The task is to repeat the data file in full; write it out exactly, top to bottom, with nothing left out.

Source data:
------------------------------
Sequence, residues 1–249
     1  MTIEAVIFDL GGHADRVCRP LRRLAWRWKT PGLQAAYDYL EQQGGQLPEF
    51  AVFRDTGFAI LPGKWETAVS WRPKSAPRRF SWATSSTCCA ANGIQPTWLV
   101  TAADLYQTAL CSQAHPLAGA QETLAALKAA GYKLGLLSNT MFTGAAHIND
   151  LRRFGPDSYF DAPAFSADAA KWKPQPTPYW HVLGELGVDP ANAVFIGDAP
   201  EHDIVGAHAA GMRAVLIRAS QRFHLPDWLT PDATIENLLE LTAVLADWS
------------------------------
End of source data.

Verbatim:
Sequence, residues 1–249
     1  MTIEAVIFDL GGHADRVCRP LRRLAWRWKT PGLQAAYDYL EQQGGQLPEF
    51  AVFRDTGFAI LPGKWETAVS WRPKSAPRRF SWATSSTCCA ANGIQPTWLV
   101  TAADLYQTAL CSQAHPLAGA QETLAALKAA GYKLGLLSNT MFTGAAHIND
   151  LRRFGPDSYF DAPAFSADAA KWKPQPTPYW HVLGELGVDP ANAVFIGDAP
   201  EHDIVGAHAA GMRAVLIRAS QRFHLPDWLT PDATIENLLE LTAVLADWS